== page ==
I wrote a post a few months ago on the great French landscape painter, Claude Lorraine. This is a nice work of his: Landscape with Acis and Galatea.

The story is found in Ovid’s Metamorphoses. Galatea, a Nereid, fell in love with a young man, Acis. The Cyclops Polyphemous, however, was already in love with Galatea and in a fit of jealousy he killed Acis with a giant boulder. Galatea in her sorrow then transformed the blood of Acis into the river Acis. The whole scene takes place on Sicily.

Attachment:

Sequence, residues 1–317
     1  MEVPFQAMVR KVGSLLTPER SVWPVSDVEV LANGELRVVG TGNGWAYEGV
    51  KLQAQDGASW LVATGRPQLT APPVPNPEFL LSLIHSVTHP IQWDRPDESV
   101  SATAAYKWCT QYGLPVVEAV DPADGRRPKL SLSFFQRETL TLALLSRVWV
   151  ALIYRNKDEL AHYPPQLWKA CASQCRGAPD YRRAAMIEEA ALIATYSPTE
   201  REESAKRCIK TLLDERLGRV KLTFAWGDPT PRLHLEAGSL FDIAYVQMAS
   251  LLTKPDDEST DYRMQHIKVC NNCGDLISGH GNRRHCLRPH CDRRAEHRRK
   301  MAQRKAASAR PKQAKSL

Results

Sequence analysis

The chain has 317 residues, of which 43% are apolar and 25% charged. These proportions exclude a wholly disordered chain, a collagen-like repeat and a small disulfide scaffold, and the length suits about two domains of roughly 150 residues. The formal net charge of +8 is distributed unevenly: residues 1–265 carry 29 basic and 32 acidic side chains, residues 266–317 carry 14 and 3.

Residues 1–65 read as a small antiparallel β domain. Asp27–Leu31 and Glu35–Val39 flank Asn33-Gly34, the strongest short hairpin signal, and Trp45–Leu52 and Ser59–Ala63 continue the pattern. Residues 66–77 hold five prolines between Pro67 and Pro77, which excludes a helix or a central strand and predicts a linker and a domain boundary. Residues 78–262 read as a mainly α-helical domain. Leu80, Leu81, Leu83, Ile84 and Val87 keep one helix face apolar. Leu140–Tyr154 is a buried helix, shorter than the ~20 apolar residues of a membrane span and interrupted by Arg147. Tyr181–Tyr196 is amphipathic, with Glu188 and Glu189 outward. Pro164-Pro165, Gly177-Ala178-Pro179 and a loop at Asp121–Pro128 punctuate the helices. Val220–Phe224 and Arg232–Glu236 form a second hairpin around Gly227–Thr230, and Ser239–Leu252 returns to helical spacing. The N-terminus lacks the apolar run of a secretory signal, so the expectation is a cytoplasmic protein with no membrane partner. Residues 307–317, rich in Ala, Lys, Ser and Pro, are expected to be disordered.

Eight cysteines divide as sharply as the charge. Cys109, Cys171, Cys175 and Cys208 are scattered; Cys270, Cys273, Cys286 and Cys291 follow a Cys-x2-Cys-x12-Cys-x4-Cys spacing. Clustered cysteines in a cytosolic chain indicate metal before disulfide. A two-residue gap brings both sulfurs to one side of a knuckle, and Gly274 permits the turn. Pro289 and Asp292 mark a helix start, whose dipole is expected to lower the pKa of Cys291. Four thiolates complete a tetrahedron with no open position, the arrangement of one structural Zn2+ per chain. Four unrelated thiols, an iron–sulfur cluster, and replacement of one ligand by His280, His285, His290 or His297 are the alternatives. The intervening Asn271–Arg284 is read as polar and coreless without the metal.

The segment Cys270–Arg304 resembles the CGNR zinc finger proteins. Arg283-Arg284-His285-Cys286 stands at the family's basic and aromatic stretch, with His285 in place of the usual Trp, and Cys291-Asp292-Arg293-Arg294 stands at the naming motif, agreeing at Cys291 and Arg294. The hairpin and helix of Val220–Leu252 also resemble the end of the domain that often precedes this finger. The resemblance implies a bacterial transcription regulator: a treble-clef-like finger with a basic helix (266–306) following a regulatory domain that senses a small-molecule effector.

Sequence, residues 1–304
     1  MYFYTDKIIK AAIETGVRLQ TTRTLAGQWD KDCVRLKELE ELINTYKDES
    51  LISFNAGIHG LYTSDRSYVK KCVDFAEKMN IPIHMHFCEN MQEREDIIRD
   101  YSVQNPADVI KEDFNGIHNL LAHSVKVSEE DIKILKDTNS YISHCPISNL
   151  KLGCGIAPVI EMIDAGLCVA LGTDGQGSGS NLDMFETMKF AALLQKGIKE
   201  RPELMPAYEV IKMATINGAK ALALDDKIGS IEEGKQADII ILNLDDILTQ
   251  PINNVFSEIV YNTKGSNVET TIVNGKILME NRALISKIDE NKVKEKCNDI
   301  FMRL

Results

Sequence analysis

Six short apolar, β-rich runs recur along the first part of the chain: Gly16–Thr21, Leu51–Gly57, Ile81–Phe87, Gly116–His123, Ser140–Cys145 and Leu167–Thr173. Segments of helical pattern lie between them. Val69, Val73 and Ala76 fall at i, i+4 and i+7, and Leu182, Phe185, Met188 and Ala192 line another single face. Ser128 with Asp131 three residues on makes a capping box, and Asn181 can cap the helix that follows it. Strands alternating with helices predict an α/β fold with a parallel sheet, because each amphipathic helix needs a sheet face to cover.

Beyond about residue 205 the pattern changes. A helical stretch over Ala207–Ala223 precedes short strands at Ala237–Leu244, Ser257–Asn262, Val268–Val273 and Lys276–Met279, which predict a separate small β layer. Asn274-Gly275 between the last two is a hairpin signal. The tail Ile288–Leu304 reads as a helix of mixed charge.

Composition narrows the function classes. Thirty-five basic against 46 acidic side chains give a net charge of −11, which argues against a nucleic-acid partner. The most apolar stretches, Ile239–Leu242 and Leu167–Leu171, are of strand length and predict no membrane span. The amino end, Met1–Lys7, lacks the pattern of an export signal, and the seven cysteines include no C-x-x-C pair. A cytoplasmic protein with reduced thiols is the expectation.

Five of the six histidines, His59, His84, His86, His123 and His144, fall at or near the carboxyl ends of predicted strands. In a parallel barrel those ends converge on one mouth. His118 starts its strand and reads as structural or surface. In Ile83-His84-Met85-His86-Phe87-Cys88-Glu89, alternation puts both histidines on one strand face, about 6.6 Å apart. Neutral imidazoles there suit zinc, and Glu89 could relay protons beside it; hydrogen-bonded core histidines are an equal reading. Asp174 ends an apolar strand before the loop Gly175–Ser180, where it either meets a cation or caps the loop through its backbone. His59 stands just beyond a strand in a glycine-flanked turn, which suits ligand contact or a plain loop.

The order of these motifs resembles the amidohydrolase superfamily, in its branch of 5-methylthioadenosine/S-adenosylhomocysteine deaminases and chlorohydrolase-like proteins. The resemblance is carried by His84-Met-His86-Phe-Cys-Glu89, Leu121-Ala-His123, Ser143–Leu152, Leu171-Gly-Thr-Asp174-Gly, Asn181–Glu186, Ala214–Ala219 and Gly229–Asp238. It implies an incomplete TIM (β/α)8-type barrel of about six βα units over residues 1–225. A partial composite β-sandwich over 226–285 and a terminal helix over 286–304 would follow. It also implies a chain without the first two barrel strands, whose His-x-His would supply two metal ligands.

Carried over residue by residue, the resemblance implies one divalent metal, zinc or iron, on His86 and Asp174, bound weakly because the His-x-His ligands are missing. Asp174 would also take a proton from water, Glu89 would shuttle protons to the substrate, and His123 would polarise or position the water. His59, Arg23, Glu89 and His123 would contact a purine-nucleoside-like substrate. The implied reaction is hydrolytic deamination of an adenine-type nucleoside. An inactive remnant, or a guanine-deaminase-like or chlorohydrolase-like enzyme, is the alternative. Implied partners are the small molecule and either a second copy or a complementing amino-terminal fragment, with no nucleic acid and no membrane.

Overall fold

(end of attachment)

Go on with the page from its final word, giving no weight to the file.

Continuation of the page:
Like all Claude paintings, this piece is infused with a certain lazy, dream like atmosphere. Although not tropical, it conveys the often other-wordliness of a tropical landscape. It is a land of pleasure, fantasy and mythology. Anyone who has sat beneath the warm canopy of a palm tree sipping a pina colada, surrounded by beautiful, bikini clad nymphs frolicking in the turquoise surf of a white sand beach, knows what I am talking about.

Even Dostoevsky felt the beauty of this painting. Apparently it inspired his description of the Golden Age in his “Raw Youth” and “The Devils”.

The world of the sea nymphs, the Nereids, although quite dangerous, is indeed quite wonderful.